Ph. D. wrote:
> Peter T. Daniels skribis:
> >
> > Ph. D. wrote:
> > >
> > > Peter T. Daniels skribis:

[Some time last year, it appears, since the referenced message isn't in
my 2005 inbox]

> > > > Do you have a display of them? It sounds like a somewhat
> > > > unCherokee notion. Or did you use Sequoyah's handwritten
> > > > forms? I remember Zapf's as Optima-like, with very subtle
> > > > shadings, but the one place I've seen them was in a very
> > > > expensive book (and it didn't include the entire syllabary).
> > >
> > > Actually Zapf's forms have fairly long serifs, so maybe not
> > > so much like Optima. You probably saw them in the book
> > > _Hermann_Zapf_and_his_Design_Philosophy_ published
> > > in 1987 by the Society of Typographic Arts in Chicago (on
> > > page 201). I paid fifty dollars for my copy when it was first
> > > published which didn't seem too expensive to me.
> >
> > How many books sold for $50 in 1987? That's like saying
> > $50,000 was not an excessive price for a Mercedes-Benz.
> Well, "very expensive" is in the eye of the beholder, but fifty
> dollars then would be about eight dollars today for a book with
> a page size of 30x20 cm, 250 pages, and one hundred full color
> plates. On the other hand, _The_World's_Writing_Systems_
> was priced by the publisher in 1996 at $125 which would be
> $144 today for a book with a page size of 23x16 cm, 900 pages,
> and no color illustrations. I suppose it's apples and oranges,
> but would you describe WWS as "very expensive" or even
> "excessive"?

I'm afraid I can't follow your currency conversions, but yes, WWS was
priced exorbitantly, and OUP has often put it into their seasonal sales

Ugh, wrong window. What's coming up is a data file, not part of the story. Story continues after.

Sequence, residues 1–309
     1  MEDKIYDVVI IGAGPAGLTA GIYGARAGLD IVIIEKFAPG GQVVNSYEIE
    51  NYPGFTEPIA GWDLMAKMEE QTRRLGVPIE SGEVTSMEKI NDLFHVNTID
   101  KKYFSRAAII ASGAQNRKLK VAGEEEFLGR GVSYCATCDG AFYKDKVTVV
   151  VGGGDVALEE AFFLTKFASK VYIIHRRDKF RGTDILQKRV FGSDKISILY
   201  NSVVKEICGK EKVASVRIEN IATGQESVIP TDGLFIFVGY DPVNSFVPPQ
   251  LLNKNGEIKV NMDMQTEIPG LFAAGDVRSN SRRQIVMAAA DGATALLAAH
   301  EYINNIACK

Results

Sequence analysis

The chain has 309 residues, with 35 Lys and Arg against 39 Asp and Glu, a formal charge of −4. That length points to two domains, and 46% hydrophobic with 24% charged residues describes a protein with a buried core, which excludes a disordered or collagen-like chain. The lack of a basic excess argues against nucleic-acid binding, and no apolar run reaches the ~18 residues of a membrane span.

at $50, which seems about right. The list price is now $170 I think, and
amazon was charging $200.75 when the list price was $160.

> > The "serifs" are integral, distinctive parts of the characters, so they
> > have to be there (and thus shouldn't be considered serifs).
> For some characters, they are integral parts. For others, they are not.
> I have uploaded a scan from Zapf's book here:
> > > I believe the man who commisioned this font was Walter
> > > Hamady, a private press operator in Wisconsin.
> >
> > So why did he never use it for anything, or allow anyone else to
> > use it?
> I wrote to Hamady a month ago, but I have received no reply. I wrote
> to Paul Duensing, who used to operate a private typefoundry. He is
> good friends with Hermann Zapf and cut the matrices for Zapf's
> last metal typeface (Zapf Civilité). His reply:
> ) The history of the Cherokee font is pretty much as follows.
> ) Hamady submits an application for funding to commission a
> ) special font for printing a number of legends in that language in
> ) a bi-lingual edition. Prof. Zapf agreed to design the font (based
> ) on Walbaum). In due course the drawings were received, I made
> ) patterns, cut a few matrices and made casts, proofs of which I
> ) shipped to Walter and Hermann. Then the project sort of came
> ) apart and nothing further was done with it. In the past six or ten
> ) years, various requests were received (mostly from graduate
> ) students in typography whose instructors needed a diploma
> ) project). I contacted Hermann who said in effect "I have no further
> ) traffic with the Sequoia project." then contacted Walter who said
> ) "did they pay for it?" So the project ground to a halt.
> ) That's about it. Zapf won't move on it without Hamady's
> ) permission, and Walter doesn't want to give away what he sees
> ) as his property.
> Zapf is 86 years old. Hamady is probably about the same. Perhaps
> their heirs will agree to do something with it. It's the best looking
> Cherokee font I've seen.

So the font exists in hot type, and could legally be digitized in the US
(since, the last I heard, font designs are not copyrightable here).
Peter T. Daniels grammatim@...